Make the Next Conference You Attend a Winner in 7 Easy Steps

In my 25-year career I’ve attend over 100 conferences. Some were great, and by their end I had a lot of new contacts and felt professionally rejuvenated and pumped full of fresh ideas. Some conferences were a bust, and each minute dragged on while I was consumed with thoughts of other things I could have accomplished during that time. One thing I’ve learned after all those conferences is that a lot of what I get out of a conference depends on me.

Whether you attend conferences put on by your employer for its own employees, by associations you belong to, by your university or by government or industry, here are some tips for what you need to do to get the most out of them.

  1. Read the agenda and speaker bios in advance and plan which sessions to attend. This is especially important if there are simultaneous sessions on the agenda and if you have the freedom to choose which ones to attend. It’s too late to do that when the sessions have already started. Also, don’t be afraid to session-hop if you end up in a session that’s not what you expected, and you’re interested in another.
  2. Make a list of some key questions of interest that are related to the conference theme. Keep the list handy for networking. It’s a great way to have a conversation with someone new, after the basic intros are done. For example, you might say, ‘I’m really hoping to learn more about [insert question topic] at this event, what’s been your experience?’ This is a more interesting way to connect than your basic elevator speech, because you immediately engage with the person by asking for their thoughts. PS, you can also ask these questions in open Q&A to hear the speakers’ thoughts and share with the crowd the topics of interest to you.
  3. Bring your business cards – a lot of them. Afterwards use the cards you collected to connect with everyone on LinkedIn. Unlike most other social media platforms, LinkedIn is primarily a professional networking site. (Check out this previous GovLoop Blog for more on LinkedIn.) One of my favorite things to do is following-up on contacts I’ve made at these events by scheduling a more in-depth phone call or meeting in the weeks that follow. Everyone is usually trying to network at conferences, so it is best to keep your initial contact short and then follow up later with your list of key contacts.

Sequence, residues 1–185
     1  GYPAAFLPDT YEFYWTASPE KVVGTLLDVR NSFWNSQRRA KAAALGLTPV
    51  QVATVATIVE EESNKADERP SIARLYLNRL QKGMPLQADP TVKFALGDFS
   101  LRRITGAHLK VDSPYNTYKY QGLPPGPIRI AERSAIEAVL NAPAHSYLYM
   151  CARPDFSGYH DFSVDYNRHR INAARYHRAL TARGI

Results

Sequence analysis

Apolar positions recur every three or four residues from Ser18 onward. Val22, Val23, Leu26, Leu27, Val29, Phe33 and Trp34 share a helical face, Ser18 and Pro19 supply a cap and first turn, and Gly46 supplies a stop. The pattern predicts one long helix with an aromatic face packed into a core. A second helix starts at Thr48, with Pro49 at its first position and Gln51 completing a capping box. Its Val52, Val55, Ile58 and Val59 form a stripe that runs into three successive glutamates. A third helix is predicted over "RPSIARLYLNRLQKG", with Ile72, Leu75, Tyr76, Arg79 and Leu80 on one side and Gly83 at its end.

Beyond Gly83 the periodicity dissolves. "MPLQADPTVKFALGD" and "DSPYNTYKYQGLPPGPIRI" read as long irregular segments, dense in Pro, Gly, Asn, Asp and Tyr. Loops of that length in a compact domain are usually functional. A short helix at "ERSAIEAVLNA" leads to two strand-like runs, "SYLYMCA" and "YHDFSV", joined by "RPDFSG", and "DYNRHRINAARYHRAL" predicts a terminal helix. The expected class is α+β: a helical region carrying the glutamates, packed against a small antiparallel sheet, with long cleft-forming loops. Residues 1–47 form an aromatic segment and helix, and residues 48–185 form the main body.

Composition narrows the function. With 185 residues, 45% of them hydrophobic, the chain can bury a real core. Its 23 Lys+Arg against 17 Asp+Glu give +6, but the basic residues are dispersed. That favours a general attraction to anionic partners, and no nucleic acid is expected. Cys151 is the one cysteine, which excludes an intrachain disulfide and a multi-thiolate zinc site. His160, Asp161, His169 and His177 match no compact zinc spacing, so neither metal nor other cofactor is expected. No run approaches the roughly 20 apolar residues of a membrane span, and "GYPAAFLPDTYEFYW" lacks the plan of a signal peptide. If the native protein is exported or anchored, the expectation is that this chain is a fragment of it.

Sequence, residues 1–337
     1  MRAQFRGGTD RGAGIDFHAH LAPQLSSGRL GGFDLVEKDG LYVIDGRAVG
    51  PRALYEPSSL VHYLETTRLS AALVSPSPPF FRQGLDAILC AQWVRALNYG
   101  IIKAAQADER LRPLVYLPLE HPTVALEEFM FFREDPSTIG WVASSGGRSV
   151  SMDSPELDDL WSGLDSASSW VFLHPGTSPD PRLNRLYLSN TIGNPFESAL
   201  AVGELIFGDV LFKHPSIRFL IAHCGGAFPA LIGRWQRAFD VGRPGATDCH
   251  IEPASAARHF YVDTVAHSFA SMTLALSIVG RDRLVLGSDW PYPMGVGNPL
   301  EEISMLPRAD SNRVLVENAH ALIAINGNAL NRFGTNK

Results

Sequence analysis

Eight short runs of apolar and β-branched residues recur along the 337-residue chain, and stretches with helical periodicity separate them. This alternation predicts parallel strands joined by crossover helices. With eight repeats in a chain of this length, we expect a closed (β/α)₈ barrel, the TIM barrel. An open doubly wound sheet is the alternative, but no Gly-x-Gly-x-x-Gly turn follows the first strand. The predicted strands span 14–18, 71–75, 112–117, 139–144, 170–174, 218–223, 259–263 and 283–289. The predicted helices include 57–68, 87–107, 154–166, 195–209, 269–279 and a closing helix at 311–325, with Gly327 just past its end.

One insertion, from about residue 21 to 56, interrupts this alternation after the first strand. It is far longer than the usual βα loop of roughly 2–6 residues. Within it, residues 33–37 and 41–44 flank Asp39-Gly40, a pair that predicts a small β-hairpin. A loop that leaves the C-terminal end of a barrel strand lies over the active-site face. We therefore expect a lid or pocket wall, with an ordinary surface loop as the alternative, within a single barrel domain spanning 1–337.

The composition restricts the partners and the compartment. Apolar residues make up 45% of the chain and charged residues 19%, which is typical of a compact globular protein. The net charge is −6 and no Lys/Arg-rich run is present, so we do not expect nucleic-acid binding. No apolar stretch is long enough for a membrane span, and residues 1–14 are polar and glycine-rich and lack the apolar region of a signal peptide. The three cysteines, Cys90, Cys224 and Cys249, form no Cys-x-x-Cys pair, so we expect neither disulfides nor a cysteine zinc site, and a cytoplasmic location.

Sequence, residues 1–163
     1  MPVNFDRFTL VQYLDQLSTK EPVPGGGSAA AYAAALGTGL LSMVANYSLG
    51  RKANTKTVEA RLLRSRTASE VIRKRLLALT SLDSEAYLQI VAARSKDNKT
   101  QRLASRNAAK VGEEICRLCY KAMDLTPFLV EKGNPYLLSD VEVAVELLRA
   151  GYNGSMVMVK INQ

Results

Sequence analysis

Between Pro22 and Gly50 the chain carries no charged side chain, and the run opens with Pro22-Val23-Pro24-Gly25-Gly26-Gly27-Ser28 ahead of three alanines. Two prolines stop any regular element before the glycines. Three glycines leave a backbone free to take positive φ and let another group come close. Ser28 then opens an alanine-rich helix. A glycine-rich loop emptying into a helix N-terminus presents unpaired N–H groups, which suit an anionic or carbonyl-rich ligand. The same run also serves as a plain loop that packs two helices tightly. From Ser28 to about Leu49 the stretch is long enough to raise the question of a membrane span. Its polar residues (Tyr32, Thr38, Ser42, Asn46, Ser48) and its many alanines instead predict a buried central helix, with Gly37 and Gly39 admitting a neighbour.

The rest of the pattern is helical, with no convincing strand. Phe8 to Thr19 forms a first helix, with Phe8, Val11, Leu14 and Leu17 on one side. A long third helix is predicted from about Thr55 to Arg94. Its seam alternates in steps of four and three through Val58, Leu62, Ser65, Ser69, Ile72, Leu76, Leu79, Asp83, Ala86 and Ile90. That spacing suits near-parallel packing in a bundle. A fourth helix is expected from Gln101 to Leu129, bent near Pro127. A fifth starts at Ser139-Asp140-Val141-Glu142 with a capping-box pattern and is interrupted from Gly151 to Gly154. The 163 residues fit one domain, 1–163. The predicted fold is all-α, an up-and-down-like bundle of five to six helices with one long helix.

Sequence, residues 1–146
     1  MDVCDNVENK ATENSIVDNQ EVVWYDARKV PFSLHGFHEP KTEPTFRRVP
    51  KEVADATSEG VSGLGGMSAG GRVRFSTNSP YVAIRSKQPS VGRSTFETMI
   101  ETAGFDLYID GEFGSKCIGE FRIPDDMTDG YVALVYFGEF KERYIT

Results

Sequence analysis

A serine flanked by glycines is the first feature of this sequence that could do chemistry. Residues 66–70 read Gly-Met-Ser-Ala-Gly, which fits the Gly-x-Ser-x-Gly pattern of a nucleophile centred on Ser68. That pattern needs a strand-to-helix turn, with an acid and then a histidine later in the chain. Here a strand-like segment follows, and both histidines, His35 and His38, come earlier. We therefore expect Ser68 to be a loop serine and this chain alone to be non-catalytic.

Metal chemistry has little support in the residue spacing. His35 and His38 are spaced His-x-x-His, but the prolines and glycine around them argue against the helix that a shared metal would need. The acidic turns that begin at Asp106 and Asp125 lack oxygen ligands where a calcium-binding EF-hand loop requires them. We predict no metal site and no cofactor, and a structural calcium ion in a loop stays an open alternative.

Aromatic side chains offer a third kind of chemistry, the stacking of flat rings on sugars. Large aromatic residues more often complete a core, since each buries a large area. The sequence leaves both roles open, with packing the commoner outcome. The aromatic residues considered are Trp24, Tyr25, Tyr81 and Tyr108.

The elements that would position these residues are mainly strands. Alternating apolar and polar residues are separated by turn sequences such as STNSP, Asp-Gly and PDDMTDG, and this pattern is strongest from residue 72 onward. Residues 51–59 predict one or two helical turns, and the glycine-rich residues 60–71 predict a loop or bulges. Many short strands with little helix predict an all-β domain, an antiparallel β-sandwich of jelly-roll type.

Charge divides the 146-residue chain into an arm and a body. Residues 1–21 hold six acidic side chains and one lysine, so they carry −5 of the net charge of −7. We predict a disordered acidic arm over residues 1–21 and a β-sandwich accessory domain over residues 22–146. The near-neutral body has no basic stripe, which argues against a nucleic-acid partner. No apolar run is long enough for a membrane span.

4. Change up your seat for meals, sessions, etc. and you will naturally meet more people. If you go with a group of colleagues, try to spread out so you can cover more territory and then share all the new contacts you made afterwards with each other.
  5. Visit the booths—not just for the candy and trinkets. Sometimes I go to a conference primarily to hit the booths. It’s an effective way to interview several vendors or industry partners all in one room! If the person covering a particular booth doesn’t know the answer to your question, ask them for a name and contact for one of their colleagues to follow up with who can provide more detail to you.
  6. Fill out the conference evaluations. Nothing will make the next event better than constructively letting the organizers know what went well and what would make things better. Conference participants far outnumber conference staff, who can’t be everywhere at once and don’t know how every element of the conference went. Sharing constructive and detailed feedback is a gift to the organizers.
  7. Keep the agenda and speaker list after the event. While it might be tempting to recycle those materials, many times I’ve gone back to old conference programs to look for speakers to invite to my own events, people to call on with a question, vendors to send an RFP to, etc. Make a digital or paper folder to keep all these items from different events in one place.

Shh, here is a secret tip to conference organizers everywhere. My most favorite conference organizer hack: setting up open lunch tables with pre-set specific discussion topics related to the theme of the conference and letting participants vote with their feet (aka pick which table to join). By doing this you are helping everyone find the people with common interests in an organized and low-stress manner.

Looking for a few more pieces on how to make the most out of the next conference you attend? Check out these other articles:
How To Get The Most Out of A Conference, by Rebecca Knight in the Harvard Business Review
12 Ways To Get The Most Out Of Attending A Conference, by Alison Green in U.S. News and World Report.
How To Get The Most Out Of A Conference, by Manya Whitaker in the Chronicle of Higher Education.
Networking Ninja: 4 Tips For Getting The Most Out Of A Conference, by Rob Stirling on Business.Com
How To Get The Most Out Of A Conference, by Lou Dubois in Inc.
10 Ways To Make The Most Out Of A Conference, by Kate Farrar in The Muse

Joyce Warner is part of the GovLoop Featured Contributor program, where we feature articles by government voices from all across the country (and world!). To see more Featured Contributor posts, click here.

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